The share of MSEs in India’s gross bank credit had continued to decline for the third straight month. From 12.11 per cent in December 2020, the MSE share contracted to 12.09 per cent in January 2021 and 11.8 per cent in February before slipping further to 11.3 per cent in March.
Credit and Finance for MSMEs: The year-on-year growth in the deployment of gross bank credit to micro and small enterprises (MSEs) in March plunged to its lowest level, amid the second Covid wave, since May in the financial year 2020-21. The credit outstanding as of March 26, 2021, for the MSE sector, stood at Rs 11.07 lakh crore – up only 2.5 per cent from Rs 10.8 lakh crore in March 2020, according to the monthly bulletin by the Reserve Bank of India. However, the credit growth in March 2021 was down from 6.9 per cent YoY growth in February 2021 and lowest since 1.5 per cent YoY growth in May 2020.
The fall from 7.7 per cent in March last year to 3.3 per cent in April had reflected the likely early impact of the Covid breakout. Likewise, the current decline followed the second wave of the deadly virus that had started to hit in February. The credit growth had bounced back to 6.5 per cent in June last year after two months of decline.
On the other hand, the share of MSEs in India’s gross bank credit had continued to decline for the third straight month. From 12.11 per cent in December 2020, the MSE share contracted to 12.09 per cent in January 2021 and 11.8 per cent in February before slipping further to 11.3 per cent in March. The overall gross bank credit as of March 26, 2021, stood at Rs 97.2 lakh crore. Meanwhile, credit growth to medium enterprises in March was 57.8 per cent at Rs 2.06 lakh crore from Rs 1.30 lakh crore in March 2020.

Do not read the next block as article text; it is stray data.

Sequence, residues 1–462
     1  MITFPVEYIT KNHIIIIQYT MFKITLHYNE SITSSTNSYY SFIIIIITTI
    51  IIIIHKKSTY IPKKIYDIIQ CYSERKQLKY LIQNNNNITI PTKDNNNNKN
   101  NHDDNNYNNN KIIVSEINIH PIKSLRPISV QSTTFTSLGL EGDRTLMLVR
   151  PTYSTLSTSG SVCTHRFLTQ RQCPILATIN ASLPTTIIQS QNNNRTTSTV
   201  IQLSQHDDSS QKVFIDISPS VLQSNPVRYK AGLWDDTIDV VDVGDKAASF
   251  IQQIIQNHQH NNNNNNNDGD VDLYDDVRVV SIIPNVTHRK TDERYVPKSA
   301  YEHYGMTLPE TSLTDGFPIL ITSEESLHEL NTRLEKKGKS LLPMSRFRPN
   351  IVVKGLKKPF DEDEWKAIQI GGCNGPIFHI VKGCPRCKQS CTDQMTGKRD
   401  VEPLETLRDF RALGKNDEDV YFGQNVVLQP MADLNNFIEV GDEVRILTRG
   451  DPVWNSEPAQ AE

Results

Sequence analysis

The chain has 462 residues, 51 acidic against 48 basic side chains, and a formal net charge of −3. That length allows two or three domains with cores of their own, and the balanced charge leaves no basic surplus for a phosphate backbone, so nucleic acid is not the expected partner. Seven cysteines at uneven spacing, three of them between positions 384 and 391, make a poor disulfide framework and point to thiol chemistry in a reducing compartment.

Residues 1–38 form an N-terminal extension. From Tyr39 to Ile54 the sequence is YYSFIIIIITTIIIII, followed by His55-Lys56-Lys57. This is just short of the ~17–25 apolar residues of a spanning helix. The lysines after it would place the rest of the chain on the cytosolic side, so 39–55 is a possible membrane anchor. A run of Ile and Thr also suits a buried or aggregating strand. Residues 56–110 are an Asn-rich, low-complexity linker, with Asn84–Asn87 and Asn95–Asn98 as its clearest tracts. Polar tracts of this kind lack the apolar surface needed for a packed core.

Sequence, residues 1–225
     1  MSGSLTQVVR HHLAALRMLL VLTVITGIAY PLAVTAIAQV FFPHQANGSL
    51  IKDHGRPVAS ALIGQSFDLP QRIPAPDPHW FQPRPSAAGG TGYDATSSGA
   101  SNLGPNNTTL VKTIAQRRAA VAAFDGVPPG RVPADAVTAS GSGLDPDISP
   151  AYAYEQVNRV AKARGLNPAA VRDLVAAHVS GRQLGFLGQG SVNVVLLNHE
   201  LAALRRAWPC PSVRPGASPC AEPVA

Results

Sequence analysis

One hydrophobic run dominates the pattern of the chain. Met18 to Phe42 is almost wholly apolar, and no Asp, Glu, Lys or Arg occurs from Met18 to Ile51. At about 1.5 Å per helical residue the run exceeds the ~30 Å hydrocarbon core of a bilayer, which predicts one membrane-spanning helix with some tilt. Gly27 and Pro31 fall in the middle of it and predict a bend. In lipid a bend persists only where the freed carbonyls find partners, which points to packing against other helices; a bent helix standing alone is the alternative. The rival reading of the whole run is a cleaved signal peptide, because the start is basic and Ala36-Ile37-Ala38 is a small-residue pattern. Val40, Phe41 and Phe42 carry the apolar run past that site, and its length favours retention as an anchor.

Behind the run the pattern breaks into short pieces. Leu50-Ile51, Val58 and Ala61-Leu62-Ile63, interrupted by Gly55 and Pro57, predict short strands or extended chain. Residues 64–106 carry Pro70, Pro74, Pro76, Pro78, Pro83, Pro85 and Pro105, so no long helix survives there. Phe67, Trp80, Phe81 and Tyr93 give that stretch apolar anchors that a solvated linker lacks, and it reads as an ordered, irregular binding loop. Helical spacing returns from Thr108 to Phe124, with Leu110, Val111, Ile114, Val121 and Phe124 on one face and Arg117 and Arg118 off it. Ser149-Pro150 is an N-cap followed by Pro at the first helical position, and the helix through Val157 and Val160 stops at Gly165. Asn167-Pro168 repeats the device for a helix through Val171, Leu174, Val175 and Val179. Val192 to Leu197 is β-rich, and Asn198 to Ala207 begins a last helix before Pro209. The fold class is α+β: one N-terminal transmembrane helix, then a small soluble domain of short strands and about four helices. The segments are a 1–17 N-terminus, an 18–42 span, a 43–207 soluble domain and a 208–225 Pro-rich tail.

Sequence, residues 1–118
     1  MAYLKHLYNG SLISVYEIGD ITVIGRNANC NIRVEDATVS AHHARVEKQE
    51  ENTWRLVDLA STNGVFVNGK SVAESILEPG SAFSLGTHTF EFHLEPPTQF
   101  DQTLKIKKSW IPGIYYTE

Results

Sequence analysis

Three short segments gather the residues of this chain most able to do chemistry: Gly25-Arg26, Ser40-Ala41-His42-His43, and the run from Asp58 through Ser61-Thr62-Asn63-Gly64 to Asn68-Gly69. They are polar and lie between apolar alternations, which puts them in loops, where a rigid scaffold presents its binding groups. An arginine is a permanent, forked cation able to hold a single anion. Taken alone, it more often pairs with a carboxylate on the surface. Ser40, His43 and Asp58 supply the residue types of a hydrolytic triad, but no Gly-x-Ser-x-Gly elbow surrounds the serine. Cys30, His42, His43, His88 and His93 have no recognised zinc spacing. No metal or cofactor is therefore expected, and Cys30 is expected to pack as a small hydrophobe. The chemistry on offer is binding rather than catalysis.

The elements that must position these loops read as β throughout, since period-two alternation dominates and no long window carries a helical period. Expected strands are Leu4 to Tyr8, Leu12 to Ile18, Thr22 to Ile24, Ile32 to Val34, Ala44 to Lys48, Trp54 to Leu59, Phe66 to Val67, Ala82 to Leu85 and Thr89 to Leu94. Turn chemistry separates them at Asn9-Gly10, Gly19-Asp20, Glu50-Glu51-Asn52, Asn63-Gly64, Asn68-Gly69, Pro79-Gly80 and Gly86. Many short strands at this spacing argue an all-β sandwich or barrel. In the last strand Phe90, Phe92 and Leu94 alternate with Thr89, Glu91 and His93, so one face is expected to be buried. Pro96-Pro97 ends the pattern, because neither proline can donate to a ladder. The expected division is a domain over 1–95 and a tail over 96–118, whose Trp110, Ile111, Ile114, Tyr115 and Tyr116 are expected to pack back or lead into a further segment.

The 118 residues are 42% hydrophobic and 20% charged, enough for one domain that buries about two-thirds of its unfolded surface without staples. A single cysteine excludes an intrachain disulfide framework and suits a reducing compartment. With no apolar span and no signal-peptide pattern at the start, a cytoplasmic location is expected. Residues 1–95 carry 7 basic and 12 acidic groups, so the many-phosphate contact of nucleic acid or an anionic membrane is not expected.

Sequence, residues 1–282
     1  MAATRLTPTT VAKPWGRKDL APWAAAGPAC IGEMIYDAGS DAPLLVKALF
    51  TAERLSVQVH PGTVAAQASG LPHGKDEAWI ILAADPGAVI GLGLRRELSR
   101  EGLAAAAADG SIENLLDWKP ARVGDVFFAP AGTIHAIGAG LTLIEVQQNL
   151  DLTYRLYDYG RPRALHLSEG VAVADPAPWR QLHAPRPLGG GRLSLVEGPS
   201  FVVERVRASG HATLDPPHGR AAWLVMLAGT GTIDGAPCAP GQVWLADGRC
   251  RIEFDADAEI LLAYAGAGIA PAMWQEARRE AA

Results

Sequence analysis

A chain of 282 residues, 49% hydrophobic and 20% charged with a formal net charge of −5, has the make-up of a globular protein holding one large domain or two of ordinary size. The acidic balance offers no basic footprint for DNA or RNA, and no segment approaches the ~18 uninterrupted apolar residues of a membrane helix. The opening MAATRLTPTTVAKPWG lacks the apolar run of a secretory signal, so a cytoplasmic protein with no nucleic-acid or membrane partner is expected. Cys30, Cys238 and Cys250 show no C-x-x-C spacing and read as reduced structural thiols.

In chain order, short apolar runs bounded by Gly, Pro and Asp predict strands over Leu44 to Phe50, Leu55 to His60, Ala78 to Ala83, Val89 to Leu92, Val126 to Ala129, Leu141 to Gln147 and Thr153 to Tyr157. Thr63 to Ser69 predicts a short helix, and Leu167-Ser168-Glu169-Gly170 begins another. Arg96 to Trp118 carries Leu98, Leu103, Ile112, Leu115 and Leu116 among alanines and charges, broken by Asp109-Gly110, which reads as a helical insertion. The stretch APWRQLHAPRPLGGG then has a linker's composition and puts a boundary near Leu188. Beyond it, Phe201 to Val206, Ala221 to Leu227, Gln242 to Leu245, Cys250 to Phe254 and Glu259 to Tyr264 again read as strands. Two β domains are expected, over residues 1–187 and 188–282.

In order to support credit availability with MSMEs, RBI in February this year had allowed scheduled commercial banks to deduct credit disbursed to new MSME borrowers from their net demand and time liabilities (NDTL) for calculation of the cash reserve ratio (CRR). However, RBI Governor Shaktikanta Das earlier this month had extended this exemption, which was available for exposures up to Rs 25 lakh and for credit disbursed up to the fortnight ending October 1, 2021, till December 31, 2021. Das had also allowed individuals, small businesses, and MSMEs with loans up to Rs 25 crore and who had not availed restructuring under any of the earlier restructuring frameworks including under the Resolution Framework 1.0 as of August 6, 2020, and who were classified as ‘Standard’ as on March 31, 2021, to be eligible “to be considered under Resolution Framework 2.0.”